As a self-directed learner’s mom I see my job as being his facilitator. You want to learn about numbers? Great, here’s a hundred’s chart. Here’s a puzzle that will teach you the value of coins. Here’s an app that will help you practice your addition facts. I am here to guide you in the right direction, show you the way, and sometimes, I am teaching you what you are eager to learn. As I have said before, I am also a big fan of strewing or placing things in my kids path that they may (or may not) take an interest in. I don’t push or impose, I just put it out there and wait to see what sticks.
As a side note: A friend of mine whose child is in a progressive, project-based charter school was singing her son’s school’s praises saying how their students are engaging in projects the students are motivated by and spending lots of time outside of the classroom walls, exploring the community. She once asked me if I would consider sending my kids to school if the school were set up in such a way that would support self-directed learning. In a word, yes. I am not opposed to all forms of school, but I have yet to find a school that truly supports the self-directed learning style that I believe in. There are some alternative schools and learning centers that are getting it right (like Parts & Crafts or The Macomber Center). These type places will most likely be in our lives as the kids get a little bit older. Although, even then, it would only be something I would be willing to commit our time to a few days a week given one of the aspects of homeschooling that I value is the connection to our family and learning together.
A fellow homeschooling mom and friend of mine is a part of the organizing team that has created the non-profit organization The Alliance for Self-Directed Education (ASDE) whose main mission is “normalizing and legitimizing Self-Directed Education, to make it available to everyone who seeks it.” On their site, they state:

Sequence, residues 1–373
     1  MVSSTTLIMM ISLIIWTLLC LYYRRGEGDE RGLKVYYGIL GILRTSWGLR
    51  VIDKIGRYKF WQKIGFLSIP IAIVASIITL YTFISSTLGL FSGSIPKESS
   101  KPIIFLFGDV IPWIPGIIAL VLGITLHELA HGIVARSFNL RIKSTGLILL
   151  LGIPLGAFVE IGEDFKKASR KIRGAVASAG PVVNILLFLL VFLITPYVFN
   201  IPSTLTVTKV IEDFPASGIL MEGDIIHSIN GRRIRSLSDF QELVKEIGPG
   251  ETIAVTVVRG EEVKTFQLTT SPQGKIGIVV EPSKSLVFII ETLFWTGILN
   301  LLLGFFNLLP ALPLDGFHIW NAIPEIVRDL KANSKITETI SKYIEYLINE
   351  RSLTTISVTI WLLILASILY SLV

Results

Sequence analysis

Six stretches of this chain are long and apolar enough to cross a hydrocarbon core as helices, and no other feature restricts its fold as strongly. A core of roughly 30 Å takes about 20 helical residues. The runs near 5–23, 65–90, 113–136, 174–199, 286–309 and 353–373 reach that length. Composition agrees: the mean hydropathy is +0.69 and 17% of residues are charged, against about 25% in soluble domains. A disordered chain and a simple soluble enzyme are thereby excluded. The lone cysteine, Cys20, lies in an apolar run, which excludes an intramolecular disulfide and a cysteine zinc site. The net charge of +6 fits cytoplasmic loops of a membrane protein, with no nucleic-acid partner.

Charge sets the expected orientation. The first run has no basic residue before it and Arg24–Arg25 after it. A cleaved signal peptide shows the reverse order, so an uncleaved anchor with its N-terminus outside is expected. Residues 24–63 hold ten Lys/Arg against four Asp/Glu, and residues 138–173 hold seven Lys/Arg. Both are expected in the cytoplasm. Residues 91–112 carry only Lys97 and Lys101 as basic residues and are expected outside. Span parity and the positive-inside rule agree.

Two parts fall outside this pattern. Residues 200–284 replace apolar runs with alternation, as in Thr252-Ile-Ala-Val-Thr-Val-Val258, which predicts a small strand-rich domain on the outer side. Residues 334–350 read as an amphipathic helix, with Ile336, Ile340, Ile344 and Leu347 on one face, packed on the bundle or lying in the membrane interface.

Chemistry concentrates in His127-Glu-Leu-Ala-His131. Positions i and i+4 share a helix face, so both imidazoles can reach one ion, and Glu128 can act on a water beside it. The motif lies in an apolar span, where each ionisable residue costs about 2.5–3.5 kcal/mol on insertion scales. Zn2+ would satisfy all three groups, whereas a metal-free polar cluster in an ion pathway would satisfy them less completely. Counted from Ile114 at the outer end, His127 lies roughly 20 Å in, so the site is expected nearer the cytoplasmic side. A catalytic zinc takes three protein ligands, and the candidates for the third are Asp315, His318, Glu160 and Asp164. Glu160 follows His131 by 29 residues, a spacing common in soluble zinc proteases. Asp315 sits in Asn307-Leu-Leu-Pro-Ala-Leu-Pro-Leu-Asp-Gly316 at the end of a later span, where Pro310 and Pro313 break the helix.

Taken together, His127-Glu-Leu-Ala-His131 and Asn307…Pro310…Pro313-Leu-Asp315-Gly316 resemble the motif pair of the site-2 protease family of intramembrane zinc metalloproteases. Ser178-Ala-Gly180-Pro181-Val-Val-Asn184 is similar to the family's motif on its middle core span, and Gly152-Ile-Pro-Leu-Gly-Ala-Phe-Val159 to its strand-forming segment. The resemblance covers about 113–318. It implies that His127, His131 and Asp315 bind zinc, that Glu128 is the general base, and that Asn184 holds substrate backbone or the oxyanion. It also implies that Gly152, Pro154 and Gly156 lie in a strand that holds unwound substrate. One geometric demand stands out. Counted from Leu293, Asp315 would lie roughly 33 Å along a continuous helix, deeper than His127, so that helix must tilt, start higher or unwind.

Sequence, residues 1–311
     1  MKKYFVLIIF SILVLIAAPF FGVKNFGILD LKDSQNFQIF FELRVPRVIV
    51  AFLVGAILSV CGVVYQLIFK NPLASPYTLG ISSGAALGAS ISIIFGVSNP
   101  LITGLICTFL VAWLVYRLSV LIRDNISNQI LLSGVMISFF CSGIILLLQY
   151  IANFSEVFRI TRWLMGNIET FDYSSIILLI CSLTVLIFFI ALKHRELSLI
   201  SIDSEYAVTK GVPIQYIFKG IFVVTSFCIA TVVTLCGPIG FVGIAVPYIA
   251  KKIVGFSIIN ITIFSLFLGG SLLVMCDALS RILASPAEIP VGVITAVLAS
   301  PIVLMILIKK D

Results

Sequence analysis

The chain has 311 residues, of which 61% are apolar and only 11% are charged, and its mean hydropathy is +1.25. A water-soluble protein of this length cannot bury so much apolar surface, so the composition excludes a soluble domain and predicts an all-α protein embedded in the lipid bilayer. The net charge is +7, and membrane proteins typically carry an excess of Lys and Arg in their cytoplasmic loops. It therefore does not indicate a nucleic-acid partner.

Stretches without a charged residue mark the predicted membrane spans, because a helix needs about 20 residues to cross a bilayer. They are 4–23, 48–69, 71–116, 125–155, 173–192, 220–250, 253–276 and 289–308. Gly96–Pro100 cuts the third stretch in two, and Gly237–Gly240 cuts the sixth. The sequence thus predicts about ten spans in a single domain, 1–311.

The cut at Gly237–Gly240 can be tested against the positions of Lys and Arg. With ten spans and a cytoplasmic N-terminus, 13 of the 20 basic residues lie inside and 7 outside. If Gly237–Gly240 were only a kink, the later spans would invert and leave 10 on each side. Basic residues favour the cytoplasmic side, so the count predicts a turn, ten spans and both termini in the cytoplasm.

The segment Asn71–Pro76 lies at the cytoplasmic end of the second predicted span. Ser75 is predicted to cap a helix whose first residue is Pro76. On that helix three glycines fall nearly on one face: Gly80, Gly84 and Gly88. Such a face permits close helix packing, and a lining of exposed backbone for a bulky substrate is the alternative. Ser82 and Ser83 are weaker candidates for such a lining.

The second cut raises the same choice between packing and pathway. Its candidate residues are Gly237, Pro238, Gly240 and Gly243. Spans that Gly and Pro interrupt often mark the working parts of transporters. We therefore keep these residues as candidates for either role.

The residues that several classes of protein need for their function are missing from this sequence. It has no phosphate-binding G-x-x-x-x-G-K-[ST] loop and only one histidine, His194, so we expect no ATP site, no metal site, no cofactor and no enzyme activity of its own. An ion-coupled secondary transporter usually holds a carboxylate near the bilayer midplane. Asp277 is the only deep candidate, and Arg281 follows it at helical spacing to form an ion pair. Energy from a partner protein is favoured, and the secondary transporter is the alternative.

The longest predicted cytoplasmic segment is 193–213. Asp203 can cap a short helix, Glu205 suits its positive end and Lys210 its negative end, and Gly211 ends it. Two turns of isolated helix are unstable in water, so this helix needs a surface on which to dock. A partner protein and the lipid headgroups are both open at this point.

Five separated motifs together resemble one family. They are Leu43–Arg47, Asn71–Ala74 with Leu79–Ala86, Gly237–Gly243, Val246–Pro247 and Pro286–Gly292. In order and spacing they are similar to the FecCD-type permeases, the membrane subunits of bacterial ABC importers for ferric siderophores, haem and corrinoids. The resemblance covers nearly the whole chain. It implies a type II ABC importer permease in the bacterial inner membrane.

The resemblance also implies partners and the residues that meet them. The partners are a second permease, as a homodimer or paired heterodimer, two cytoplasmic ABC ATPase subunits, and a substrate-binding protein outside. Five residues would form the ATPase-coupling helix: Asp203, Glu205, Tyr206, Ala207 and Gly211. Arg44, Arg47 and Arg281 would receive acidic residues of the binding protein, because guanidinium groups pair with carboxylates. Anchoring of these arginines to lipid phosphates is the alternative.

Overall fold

Self-Directed Education is education that derives from the self-chosen activities and life experiences of the person becoming educated, whether or not those activities were chosen deliberately for the purpose of education. Self-Directed Education can include organized classes or lessons, if freely chosen by the learner; but most Self-Directed Education does not occur that way. Most Self-Directed Education comes from everyday life, as people pursue their own interests and learn along the way. The motivating forces include curiosity, playfulness, and sociability—which promote all sorts of endeavors from which people learn. Self-Directed Education necessarily leads different individuals along different paths, though the paths may often overlap, as each person’s interests and goals in life are in some ways unique and in some ways shared by others.
Just like William Bentley’s snowflakes, we are all unique and driven by our own forces. Every learner must be allowed to travel their own path and experience their journey of education in the way that best serves them. Allowing learners to come to their own passions in their own time is what makes self-directed learning so powerful. Just as my Baby Girl is motivated to make her way to her hands and knees to crawl, so are my older boys driven to follow a path of education that inspires and stimulates their minds. I intend to stand by, watch the magic, and fully support them in every way that I can. This is our homeschooling world.